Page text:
Understanding how placebo effects work clinically in relevant patient populations over time has not kept pace with the recent mechanistic research, which mostly has involved laboratory experiments performed over short durations with healthy subjects. In the case of clinical populations, the study of longer-term placebo responsiveness has been limited to RCTs; however, these studies rarely include no-treatment groups to control for natural history and regression to the mean, making it difficult to discern a genuine placebo effect. There have been several meta-analyses which have attempted to address the presence and magnitude of placebo effects in RCTs, including some studies where no-treatment control groups were used. These analyses concluded that placebo effects are small and limited to subjective outcomes when placebos are used as a control condition in RCTs (68-70). However, placebo effects are much larger in studies which investigate placebo mechanisms (71, 72). This finding is not at all surprising given that the mechanistic experiments employ controlled manipulations in verbal instructions and context that may be more representative of normal clinical practice than a clinical trial setting. To this extent, it is important bridge this gap by looking at placebo research from basic science, clinical trial and ethical perspectives in an attempt to better understand how placebo effects operate in the clinical setting.
A three week single blind RCT with irritable bowel syndrome (IBS) patients (n=262), investigated whether placebo effects can be disaggregated into two main components (placebo ritual alone and placebo ritual + supportive patient-practitioner relationship) and then progressively combined to produce clinically significant improvements as compared to no treatment controls (73). The placebo ritual consisted of a validated placebo acupuncture device, which was used in both “treatment” arms (74). Instead of penetrating the skin, the needle telescopes up the shaft of the needle handle. The supportive patient-relationship, used only in one arm, was prospectively scripted and included attention, warmth, confidence and thoughtful silence. At the three week outcome, in the supportive + ritual group, 62% of patients reported adequate relief (AR) on a validated IBS measure, while 44% reported AR with dummy ritual alone and the no treatment group reported 28% AR (p<0.001) The results were similar with the other three validated IBS measures used. The effect size of 62% AR was comparable to the improvement seen in RCTs of alosetron for IBS (75). The outcomes were similar after an additional three week follow-up. In addition to demonstrating that genuine placebo effects can be statistically and clinically significant over time in clinical populations, this trial demonstrated that placebo effects can be incrementally added in a manner resembling a graded dose escalation of component factors. Interestingly, in a separate analysis of the study, it was found that patient extraversion, agreeableness, and openness to experience were associated with placebo responses, features only seen in the supportive relationship + ritual treatment arm and not the ritual treatment alone arm (76). Significant practitioner effects were also observed. Future integration of such study designs in clinical RCTs with mechanistic laboratory work will allow for better understanding of these placebo mechanisms and how they can be augmented in practice.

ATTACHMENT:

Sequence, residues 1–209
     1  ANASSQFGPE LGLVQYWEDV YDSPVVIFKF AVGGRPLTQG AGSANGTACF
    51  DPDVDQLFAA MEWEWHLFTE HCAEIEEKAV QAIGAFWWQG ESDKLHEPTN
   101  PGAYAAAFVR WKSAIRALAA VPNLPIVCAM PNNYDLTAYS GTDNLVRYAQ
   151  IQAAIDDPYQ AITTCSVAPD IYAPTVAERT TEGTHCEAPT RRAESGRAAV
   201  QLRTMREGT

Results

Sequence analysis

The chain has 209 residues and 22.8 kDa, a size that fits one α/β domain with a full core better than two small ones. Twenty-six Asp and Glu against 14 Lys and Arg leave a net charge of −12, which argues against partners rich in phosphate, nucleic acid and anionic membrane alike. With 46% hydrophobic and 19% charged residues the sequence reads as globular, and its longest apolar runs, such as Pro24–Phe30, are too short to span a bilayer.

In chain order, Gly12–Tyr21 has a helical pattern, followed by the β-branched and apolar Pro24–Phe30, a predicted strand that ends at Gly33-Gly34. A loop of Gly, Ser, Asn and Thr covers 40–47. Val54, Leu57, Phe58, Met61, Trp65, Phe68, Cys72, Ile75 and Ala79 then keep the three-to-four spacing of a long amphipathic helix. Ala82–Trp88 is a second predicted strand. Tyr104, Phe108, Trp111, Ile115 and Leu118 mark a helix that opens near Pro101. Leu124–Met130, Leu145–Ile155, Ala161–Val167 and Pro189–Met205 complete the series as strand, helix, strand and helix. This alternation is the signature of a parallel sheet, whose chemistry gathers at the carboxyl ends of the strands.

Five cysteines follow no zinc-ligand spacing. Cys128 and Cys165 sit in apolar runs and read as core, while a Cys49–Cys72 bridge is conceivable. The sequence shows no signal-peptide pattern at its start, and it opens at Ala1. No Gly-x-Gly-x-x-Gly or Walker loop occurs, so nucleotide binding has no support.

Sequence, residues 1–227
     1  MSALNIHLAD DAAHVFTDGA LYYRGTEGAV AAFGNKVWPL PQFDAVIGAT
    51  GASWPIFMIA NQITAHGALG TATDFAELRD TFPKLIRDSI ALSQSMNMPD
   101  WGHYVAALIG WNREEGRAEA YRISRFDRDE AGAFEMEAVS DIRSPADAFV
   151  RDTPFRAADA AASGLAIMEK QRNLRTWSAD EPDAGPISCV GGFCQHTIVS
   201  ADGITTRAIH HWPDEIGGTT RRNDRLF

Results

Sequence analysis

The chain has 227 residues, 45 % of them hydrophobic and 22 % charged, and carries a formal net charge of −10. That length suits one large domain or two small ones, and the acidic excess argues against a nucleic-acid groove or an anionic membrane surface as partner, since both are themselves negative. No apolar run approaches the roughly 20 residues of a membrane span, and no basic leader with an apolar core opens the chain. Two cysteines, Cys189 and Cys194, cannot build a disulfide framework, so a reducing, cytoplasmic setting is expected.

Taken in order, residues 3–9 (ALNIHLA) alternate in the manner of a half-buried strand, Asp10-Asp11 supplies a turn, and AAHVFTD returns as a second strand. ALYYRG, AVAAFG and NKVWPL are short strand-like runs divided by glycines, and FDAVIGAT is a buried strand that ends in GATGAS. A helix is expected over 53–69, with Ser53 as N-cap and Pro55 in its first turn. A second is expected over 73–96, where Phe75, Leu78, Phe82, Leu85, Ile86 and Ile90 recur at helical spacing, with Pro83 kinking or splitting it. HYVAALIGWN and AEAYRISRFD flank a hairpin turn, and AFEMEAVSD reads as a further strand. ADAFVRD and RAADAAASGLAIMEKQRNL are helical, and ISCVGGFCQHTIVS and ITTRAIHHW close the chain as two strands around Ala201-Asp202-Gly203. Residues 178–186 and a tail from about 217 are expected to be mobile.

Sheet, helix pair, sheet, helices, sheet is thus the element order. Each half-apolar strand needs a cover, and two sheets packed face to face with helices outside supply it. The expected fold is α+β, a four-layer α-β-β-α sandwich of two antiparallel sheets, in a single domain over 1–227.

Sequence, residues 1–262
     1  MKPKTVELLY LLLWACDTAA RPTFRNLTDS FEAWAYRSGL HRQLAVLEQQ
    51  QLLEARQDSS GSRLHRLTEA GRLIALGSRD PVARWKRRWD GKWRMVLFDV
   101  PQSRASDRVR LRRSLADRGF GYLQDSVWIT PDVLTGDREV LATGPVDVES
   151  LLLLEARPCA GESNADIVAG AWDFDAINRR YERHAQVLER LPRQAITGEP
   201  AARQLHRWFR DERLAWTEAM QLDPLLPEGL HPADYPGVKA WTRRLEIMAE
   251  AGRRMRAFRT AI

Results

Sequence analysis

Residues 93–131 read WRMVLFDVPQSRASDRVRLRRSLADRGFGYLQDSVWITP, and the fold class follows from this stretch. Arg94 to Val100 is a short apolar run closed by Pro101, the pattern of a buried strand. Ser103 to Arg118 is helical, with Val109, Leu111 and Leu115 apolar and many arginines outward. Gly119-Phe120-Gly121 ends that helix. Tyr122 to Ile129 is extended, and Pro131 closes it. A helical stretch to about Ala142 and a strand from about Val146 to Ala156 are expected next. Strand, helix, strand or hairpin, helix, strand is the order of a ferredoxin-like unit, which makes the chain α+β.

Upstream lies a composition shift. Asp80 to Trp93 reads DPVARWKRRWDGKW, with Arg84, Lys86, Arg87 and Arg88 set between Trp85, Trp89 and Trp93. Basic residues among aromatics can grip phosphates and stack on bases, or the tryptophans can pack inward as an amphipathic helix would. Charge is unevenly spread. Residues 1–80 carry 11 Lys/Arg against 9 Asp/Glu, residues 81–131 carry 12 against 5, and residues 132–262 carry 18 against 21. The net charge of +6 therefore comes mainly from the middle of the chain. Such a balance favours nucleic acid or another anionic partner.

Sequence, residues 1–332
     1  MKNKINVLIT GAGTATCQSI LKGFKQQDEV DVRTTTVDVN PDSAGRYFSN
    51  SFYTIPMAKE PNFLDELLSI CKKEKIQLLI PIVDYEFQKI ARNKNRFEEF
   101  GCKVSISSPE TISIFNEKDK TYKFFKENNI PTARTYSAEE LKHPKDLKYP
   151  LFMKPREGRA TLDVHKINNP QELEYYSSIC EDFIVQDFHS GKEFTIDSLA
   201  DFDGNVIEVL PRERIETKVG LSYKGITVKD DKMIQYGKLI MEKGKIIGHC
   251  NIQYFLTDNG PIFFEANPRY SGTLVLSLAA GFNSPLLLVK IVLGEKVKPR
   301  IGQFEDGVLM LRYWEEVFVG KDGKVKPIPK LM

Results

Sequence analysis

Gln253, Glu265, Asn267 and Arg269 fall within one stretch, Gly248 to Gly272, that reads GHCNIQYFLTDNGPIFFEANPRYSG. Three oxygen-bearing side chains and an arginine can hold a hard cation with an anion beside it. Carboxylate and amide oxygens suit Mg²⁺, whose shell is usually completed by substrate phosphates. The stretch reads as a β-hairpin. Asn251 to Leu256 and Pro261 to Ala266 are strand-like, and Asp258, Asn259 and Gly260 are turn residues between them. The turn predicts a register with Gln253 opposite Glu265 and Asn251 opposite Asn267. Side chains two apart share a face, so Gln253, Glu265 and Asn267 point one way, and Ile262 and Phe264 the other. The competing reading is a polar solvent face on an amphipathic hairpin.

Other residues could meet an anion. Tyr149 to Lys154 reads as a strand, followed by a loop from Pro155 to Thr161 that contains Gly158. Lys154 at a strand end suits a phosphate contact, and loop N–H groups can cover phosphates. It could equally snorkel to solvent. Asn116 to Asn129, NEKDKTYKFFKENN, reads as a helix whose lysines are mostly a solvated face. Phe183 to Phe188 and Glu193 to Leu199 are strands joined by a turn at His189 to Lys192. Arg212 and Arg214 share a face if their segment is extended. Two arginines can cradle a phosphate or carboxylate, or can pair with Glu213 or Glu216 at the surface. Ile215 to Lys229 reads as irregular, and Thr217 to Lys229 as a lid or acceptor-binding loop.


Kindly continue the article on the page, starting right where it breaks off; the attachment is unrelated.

Several RCTs have sought to study whether different vehicles of placebo ritual produce different effects (77). The largest such study compared treatment with placebo acupuncture with treatment with an oral pill in 270 patients with chronic arm pain due to repetitive use (78). At two weeks, the first primary end point, patients taking the pills had greater improvement in ability to function (primarily related to less disturbed sleep because of pain) compared to needle (p<0.05) while there was no difference in pain. At the end of the study (6 weeks) those on needle treatment had a significant reduction in pain compared to the pill group (p<0.001). Depending on the complaint and the length of time administered, different placebos had different effects. Differential nocebo effects were also observed. Patients in the placebo pill group were told they might have the adverse effects (e.g. drowsiness) of a medication (amitriptyline) and the placebo needle group was informed about the side effects of acupuncture. While 30% of people in both placebo groups reported adverse effects, these effects were entirely different and mimicked the information provided in the informed consent.